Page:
For connectivity the Tulip C3 takes some beating. It’s astonishing how many ports can be packed into such a small space, including USB and 1394 FireWire, while the NEC and Evesham.com units show clever case designs. The Evesham,com is the only non-Intel system reviewed here; it has been cleverly designed and its AMD Duron gives it plenty of performance.
Ultimately, though, which one would we recommend? For its list of features alone the AJP is hard to beat.
Powered by a 2GHz ‘Northwood’ Pentium 4 backed by a huge 512MB of PC800 RDRAM memory, the Neo PC-4 all-in-one is a true desktop PC. It’s fast, full of connectivity options and with a large hard drive; everything, in fact, that its predecessors weren’t.
One of the problems usually associated with this type of PC is accessibility, but not so with the Neo PC-4. Just undo the five screws in the back of the screen to remove the rear cover and you have access to the two DIMM slots. The 7,200rpm 60GB IBM hard drive is also easy to get at, sitting under a cover in one side of the base of the unit.
The rest of the hardware is made up of two modular optical drives, an 8-speed DVD-ROM and a 4/4/24-speed CD-RW, neatly installed in bays in the top of the base unit. A floppy drive and two Type II PC Card slots are housed in the side of the screen, while onboard 10/100 Ethernet and 56K V.90 modem come as standard. Also included are parallel, S/P-DIF, TV out and video in ports, plus three audio ports, a 1394 FireWire port, four USB ports – two in the rear of the system, two built into the side of the screen – and an IR port.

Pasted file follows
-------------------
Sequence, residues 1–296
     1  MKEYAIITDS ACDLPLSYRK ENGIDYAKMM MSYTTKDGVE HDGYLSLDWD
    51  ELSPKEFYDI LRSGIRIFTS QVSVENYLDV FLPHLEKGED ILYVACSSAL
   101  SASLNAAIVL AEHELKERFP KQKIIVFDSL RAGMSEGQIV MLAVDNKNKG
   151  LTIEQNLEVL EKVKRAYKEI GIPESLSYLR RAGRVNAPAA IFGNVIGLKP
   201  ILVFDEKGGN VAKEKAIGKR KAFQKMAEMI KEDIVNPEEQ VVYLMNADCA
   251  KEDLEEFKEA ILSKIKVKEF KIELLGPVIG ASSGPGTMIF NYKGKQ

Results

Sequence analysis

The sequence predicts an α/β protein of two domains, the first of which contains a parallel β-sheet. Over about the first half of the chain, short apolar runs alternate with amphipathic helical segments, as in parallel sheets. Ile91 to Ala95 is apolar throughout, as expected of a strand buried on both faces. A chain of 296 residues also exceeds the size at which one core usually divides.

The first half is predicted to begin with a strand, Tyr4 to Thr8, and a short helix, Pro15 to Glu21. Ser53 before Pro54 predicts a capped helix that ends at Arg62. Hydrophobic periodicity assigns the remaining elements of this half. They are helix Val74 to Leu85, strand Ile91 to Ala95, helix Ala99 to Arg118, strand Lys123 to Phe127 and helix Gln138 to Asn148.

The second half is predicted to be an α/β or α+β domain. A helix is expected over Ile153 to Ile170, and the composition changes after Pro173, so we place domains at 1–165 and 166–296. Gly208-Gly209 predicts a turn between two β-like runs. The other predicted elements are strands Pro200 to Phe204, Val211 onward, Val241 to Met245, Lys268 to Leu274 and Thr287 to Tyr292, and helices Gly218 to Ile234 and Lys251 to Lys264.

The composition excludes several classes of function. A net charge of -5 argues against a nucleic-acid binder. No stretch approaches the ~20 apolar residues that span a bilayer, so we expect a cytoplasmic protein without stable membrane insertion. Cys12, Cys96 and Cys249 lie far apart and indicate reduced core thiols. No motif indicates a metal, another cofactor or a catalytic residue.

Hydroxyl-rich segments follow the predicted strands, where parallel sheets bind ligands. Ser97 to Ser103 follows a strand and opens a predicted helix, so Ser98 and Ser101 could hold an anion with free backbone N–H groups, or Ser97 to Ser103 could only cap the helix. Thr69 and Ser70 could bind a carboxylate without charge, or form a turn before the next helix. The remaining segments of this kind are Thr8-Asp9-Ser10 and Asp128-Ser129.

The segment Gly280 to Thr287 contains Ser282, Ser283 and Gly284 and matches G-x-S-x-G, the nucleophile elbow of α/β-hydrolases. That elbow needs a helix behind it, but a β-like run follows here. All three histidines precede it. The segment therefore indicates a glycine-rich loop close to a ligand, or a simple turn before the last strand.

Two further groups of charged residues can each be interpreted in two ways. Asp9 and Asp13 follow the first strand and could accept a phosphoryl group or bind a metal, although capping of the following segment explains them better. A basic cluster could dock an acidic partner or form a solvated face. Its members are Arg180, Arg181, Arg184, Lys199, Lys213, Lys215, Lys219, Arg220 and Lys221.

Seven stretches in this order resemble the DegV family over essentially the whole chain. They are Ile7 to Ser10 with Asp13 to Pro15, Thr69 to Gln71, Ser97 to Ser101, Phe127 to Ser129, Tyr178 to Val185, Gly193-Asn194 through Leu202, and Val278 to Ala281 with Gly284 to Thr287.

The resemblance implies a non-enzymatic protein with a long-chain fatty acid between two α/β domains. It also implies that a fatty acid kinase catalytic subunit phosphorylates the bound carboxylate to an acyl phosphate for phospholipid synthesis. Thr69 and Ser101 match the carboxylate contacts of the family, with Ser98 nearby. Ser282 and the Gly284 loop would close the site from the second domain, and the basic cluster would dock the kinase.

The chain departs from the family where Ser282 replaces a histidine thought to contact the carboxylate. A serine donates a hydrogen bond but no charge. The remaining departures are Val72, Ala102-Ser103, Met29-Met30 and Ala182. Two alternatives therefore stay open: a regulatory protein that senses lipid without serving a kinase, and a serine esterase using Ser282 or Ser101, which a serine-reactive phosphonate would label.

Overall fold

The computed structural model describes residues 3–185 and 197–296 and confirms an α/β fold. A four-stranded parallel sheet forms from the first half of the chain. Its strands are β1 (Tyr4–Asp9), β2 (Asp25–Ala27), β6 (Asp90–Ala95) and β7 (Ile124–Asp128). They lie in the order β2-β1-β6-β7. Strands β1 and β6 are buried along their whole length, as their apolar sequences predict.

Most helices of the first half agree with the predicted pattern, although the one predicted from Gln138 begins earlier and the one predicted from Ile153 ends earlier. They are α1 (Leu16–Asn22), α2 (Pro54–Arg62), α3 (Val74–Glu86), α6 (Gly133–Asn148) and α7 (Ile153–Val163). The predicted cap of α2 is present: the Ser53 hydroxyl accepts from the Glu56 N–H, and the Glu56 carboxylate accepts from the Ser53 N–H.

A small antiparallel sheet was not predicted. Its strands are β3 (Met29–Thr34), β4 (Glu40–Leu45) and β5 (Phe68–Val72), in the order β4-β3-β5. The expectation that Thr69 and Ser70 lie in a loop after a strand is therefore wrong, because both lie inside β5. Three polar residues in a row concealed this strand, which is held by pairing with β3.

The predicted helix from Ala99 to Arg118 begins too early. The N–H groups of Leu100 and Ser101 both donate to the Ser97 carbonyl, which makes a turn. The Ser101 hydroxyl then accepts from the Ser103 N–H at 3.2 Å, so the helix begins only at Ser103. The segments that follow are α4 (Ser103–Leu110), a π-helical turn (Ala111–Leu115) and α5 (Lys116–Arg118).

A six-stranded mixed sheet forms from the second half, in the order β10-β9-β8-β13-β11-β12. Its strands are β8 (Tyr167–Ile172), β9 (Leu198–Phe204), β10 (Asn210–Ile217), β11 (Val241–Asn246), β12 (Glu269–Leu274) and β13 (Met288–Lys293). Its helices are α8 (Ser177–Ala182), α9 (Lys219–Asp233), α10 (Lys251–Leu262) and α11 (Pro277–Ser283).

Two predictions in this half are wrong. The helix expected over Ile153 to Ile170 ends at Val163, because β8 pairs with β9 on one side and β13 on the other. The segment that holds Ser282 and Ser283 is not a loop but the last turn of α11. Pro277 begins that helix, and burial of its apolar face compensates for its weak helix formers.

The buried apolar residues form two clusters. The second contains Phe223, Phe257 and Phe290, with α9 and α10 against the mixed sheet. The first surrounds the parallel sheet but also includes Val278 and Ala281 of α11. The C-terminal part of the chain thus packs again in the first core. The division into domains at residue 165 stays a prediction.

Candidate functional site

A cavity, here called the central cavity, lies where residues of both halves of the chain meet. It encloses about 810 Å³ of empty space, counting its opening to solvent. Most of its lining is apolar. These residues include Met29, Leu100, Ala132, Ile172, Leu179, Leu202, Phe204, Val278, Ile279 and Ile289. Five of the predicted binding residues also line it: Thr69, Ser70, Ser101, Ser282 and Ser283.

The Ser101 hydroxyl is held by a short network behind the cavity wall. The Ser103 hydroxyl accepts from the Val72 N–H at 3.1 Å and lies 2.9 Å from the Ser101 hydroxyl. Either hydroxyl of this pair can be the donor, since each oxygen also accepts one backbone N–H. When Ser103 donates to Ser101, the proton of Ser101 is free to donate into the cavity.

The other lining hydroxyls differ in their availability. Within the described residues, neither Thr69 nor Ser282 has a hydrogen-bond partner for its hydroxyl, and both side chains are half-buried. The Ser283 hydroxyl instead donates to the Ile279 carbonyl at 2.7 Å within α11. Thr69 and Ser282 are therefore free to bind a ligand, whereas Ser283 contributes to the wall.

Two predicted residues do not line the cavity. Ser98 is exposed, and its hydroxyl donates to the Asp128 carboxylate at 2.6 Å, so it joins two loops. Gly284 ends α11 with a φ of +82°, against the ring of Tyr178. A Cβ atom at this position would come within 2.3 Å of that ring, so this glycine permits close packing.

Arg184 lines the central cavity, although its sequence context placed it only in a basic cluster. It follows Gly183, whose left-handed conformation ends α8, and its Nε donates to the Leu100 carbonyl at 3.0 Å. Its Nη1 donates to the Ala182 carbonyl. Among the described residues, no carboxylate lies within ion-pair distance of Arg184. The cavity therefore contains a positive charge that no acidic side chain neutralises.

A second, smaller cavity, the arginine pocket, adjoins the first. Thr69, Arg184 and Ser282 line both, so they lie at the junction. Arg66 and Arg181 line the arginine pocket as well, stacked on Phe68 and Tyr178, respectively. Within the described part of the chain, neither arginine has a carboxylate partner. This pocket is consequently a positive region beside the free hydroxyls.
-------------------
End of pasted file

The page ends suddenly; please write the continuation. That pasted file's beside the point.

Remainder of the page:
The 17.1-inch TFT screen is powered by a 64MB ATI Mobility Radeon integrated chip that gives the screen a useful native resolution of 1,280 pixels by 1,024 pixels and is powerful enough for all but the post power-hungry games. The screen itself can be tilted and there is a swivel unit built into the base of the system. All in all, it’s a nice package.
The Tulip C3 takes the idea of a compact PC to the ultimate in compactness. The C3 is housed in a brushed aluminium box that measures a mere 26.6 x 18.8 x 17.2cm and weighs just 4.5kg.
Based around a Shuttle SV25 the C3 is powered by a 1GHz Pentium III (although a P4 version is also made by Shuttle) so performance isn’t the key with the C3. But one look at the rear panel shows what really matters – connectivity.
Despite its small size the C3 offers more ports than you’ll ever see on a normal sized desktop – mouse, keyboard, serial, VGA, S-Video, parallel, composite video, dual 1394 FireWire, LAN, audio in, audio out – the list is huge. These are all handled by the Shuttle FV24 motherboard which uses VIA’s ProSavage PL133 chipset and also supports a single PCI slot.